What Healthy Marriages Require – Finding Solutions to Dramatic Episodes

 In What is Marriage

What Healthy Marriages Require – Finding Solutions to Dramatic Episodes in Marriage Conversation

MC What Healthy Marriages Require – finding Solutions to Dramatic Episodes.

When I see grown men who are public figures talk about their marriages in terms of forgiveness, shame and guilt I know that they don’t know very much about marriage.

There are huge misconceptions about faithfulness, gaping holes in competencies, and virtually no idea of what marriage is. I see a great deal of ‘feeling’ based talk with little appreciation for the growth cycles in marriage.

Marriage is a collaborative affair. We are collaboratively involved in raising children, collaboratively involved in shaping our financial health, we brainstorm around our career choices and development of careers, but we do not do a good job of collaborating about our need for continued intimate connectedness.

My view is we hang out in a somewhat adolescent take on intimacy. I think it is natural to feel the vacuum that results as hormone levels decrease. That vacuum can be labeled. It can be called “I don’t love you.” Or, it can be called “you’re cold.” Without deep conversation from both partners that vacuum can define the quality of loving. And when that begins to happen a relationship becomes marginalized.

Collaborative loving would mean that individuals in a marriage find the courage to name the vacuum correctly. It would mean that each partner takes 100% responsibility for moving the conversation to a deeper level. That would involve looking at the impact children have on intimate connecting. It would involve a look at aging, career demands, personal (and historical) wounds and losses, and most of all, a clear exposing of the difficulty each of us has in moving into a deeper expression or manifestation of our loving.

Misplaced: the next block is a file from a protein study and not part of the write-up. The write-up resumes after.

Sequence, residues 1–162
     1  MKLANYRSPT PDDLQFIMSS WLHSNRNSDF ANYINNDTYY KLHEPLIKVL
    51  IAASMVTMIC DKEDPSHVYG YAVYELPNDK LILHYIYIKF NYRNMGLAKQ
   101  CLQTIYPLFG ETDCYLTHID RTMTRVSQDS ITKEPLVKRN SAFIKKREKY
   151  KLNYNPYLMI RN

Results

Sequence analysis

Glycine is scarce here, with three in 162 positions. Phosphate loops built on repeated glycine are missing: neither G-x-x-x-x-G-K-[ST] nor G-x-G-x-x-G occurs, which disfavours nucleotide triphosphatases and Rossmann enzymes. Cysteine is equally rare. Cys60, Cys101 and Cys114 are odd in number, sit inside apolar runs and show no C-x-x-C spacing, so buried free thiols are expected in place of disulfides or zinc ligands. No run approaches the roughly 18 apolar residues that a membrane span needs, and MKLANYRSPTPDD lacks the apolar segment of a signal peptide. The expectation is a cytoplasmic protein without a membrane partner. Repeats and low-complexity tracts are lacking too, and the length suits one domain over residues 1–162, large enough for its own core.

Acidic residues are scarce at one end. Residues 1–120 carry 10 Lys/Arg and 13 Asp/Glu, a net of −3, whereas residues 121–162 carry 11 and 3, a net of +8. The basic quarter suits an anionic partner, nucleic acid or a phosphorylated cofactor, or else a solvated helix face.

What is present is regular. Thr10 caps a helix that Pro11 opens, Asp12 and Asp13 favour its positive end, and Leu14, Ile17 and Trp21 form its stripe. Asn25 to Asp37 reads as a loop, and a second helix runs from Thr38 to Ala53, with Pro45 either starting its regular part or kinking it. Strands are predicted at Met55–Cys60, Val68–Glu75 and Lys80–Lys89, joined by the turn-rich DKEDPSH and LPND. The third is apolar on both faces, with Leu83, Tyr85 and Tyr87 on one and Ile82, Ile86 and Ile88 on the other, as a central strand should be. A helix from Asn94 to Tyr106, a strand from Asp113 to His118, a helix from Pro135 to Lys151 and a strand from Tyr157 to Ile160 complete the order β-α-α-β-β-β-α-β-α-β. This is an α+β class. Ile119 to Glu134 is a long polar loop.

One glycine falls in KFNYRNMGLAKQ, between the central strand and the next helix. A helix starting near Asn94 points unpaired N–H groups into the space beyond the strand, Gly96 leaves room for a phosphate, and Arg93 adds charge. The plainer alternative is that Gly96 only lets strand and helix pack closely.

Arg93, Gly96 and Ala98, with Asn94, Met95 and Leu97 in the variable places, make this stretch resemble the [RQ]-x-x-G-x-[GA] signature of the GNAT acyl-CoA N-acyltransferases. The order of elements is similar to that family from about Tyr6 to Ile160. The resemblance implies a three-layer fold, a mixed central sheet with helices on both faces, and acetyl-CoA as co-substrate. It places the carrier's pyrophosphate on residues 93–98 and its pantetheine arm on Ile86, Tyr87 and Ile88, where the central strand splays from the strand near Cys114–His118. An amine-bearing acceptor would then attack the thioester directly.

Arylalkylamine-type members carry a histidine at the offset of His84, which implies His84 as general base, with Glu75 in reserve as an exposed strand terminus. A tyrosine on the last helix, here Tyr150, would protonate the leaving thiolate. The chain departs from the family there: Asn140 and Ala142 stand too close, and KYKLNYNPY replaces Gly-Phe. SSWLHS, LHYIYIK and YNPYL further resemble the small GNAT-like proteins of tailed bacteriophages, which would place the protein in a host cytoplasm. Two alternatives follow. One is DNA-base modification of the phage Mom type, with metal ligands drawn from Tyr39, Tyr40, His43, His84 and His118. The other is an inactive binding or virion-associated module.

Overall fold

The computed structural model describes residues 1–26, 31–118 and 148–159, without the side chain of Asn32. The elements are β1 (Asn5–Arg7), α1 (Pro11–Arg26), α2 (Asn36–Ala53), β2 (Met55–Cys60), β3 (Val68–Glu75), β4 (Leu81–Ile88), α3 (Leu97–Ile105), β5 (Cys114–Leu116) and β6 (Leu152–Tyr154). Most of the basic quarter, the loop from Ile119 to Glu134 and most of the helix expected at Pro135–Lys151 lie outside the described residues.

Loving your partner is not at all what it started out to be. Let’s all say that out loud. Our cultural adolescent view focuses on how we ‘feel,’ on whether or not we are ‘turned on,’ and, of course, on whether we’re attractive to one another. Nothing wrong with being attractive but loving at successively deeper levels requires collaborative conversation that moves attractiveness into spiritual, emotional, intellectual and even mythic realms. It is a highly imaginative process and the fixation on ‘feelings’ will not get us there.

This morning I listened to Gov. Mark Sanford mention advice a good friend had offered. The advice focused on ‘it’s not about me’ and Gov. Sanford concluded he had been ‘selfish.’ Well, yes he had. But it also is about him. The pathway to connecting in successively deeper levels to his partner and wife is a pathway of fully facing what he himself is needing, what he himself desires, where his loneliness shows up, his limitations, his lack of comfort, his images of intimacy and so on.

This is the material for a collaborative conversation with his partner. You can be certain that she too has deep needs that need exposure between them. That she too is lonely, that she is limited and lacking comfort and has profound images of intimate connection. Her task would be to bring those revelations collaboratively to him. This is a pathway not for ‘reconciliation’ but – let’s name it correctly – for rebirth.

Marriages are living organisms that often and necessarily go through a kind of death. If your model of marriage can let that happen you can avoid going to a funeral. Instead you can embrace the ending, name it, and begin pushing the new baby, born of collaborative exploration, a new manifestation of  intimacy, out into the light.

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